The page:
Don't Give Up On Speech
Dr. James D. MacDonald's Website: www.jamesdmacdonald.org
Helping Parents Help Children. Programs for Parents, Therapists & Educators
Many children can learn to speak long after age 3 and 4, especially ones with muscular and neurological delays such as Down Syndrome, Autism, Apraxia, Cerebral palsy, and other problems.
Do not believe the MYTH that if a child is not talking at 3 or 4 , she will not talk.I am currently working with two brothers with DS who are beginning to talk at 7 and 9.
In 30 years of clinical and research work with late talking children we have found the following:
Too many people give up on speech too soon..
Children can learn to speak after ages 3 and 4, even as late as 8 and 10.
Children with Down Syndrome, Apraxia, and other issues have sever oral motor delays.
Before children speak, they need to be CONSTANT SOCIAL SOUNDERS.
Adults must enter a child's world of sounds before pushing for word.
Imitating your child's sounds is very important for him learning to talk. Make sound imitating your most frequent way to play with your preverbal child.
Expecting words too soon can discourage your child from the sounding practice he needs.
The most important exercise children need for speech is MAKING A LOT OF SPEECH SOUNDS.
Practicing sounding all day long is necessary; therapy sessions are not enough. Learning to speak is like learning to play piano; a child ill not learn piano if he only takes a lesson once a week and does not practice.
Parents must learn what children need to do before speech: social play, imitation, turntaking, social sounding and communicating habitually without words.
Late-talking children often interact much less than others.
The more a child interacts , the more likely will he learn to speak.
The more you play in your child's world the more he will speak.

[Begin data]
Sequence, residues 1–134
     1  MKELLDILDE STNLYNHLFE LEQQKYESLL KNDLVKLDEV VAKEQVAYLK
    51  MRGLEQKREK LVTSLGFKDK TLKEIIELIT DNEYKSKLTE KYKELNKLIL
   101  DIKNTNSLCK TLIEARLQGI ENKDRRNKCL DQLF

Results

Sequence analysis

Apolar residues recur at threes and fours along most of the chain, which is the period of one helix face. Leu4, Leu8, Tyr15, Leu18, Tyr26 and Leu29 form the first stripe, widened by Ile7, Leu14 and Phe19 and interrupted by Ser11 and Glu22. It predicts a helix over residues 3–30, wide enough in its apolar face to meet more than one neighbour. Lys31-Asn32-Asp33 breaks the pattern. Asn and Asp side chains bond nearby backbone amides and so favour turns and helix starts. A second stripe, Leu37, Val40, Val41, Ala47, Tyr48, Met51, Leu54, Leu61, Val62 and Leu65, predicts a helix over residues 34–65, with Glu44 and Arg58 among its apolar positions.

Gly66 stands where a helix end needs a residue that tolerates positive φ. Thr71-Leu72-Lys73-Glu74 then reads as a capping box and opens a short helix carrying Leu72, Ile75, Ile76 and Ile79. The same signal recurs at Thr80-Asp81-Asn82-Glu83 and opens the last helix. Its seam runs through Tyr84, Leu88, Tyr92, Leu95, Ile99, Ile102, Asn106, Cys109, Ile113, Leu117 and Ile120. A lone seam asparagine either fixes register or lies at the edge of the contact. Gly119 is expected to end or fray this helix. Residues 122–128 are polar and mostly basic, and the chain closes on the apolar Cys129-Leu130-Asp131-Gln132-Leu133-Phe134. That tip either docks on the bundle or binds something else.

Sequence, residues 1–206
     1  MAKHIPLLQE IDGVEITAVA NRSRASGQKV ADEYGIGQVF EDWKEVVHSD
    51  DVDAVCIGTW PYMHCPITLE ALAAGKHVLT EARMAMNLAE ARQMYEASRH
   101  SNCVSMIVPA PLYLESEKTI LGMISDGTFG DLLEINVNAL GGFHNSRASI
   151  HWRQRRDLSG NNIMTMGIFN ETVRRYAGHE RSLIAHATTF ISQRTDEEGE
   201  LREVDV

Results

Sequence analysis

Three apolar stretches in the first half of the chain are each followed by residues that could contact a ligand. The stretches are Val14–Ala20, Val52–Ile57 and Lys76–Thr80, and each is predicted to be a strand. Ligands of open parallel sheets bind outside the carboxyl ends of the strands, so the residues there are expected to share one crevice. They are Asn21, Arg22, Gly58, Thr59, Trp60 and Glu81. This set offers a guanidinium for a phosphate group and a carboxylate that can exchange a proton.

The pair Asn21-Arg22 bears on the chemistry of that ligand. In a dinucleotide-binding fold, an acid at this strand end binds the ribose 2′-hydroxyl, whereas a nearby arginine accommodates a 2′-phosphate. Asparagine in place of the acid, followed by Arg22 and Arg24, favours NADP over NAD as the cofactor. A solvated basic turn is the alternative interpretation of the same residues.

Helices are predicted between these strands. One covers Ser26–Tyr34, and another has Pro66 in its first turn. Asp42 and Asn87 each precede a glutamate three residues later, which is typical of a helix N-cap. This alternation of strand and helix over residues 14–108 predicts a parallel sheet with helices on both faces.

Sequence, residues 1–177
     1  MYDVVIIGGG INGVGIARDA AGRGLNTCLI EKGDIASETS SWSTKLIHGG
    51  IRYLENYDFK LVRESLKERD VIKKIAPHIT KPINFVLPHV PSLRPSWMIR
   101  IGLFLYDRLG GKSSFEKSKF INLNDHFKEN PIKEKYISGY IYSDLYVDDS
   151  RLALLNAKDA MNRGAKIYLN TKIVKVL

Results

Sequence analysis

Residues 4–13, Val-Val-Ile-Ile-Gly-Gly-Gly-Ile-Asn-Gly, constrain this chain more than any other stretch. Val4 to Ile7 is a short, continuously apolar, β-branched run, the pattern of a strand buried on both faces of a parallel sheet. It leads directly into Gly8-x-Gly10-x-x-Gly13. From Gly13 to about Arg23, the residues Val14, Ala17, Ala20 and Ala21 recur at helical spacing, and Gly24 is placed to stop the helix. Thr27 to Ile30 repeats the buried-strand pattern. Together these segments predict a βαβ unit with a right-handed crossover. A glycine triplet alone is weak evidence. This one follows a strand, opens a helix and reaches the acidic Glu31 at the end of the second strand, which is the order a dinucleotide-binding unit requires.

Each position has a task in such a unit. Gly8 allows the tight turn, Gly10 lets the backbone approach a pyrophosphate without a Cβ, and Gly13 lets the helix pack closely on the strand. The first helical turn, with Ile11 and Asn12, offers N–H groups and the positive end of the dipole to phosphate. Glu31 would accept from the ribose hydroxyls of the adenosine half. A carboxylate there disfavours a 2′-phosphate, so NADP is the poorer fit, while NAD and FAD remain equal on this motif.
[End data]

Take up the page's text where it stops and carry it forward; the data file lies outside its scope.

The more you pressure him to speak in ways he is not ready the less he will speak.
Be a living dictionary: put a word on your child's immediate experience.
Be a translator: your child has two languages: one is English and one is his own special language ( call it "Lisa "or "Larry" language) : respond to his special language such as" ee-ee" for"doggie" with the simple word "doggie"
Have conversations with sounds before words.
Over stimulation is a serious barrier to learning to speak. Be careful not to "bathe" your child with language because you might" drown" him out.
Match your child's communication: talk in ways he can talk; avoid talking too much in ways he cannot try to do.
Avoid (like the plague) correcting your child's speech or making him feel he is doing something wrong. Simply give him the word clearly without judgment.
The more your child feel successes, the more he will speak.
Speech for school or performance ( show and tell) is not enough. Make sure your child is really communicating with people not just answering questions or reciting things.
Signing can help at first, but do not depend on it; go for speech. I know many children who sign hundreds of words but rarely speak to people; be very careful.
Talking back and forth in many turns is more important that combining words in long sentences. FOCUS ON MORE TURNS BEFORE MORE WORDS.
Children talk more when you join in his enjoyable activities..
Parents are the best language teacher: Your child learns to talk in every interaction you have; not in school or therapy.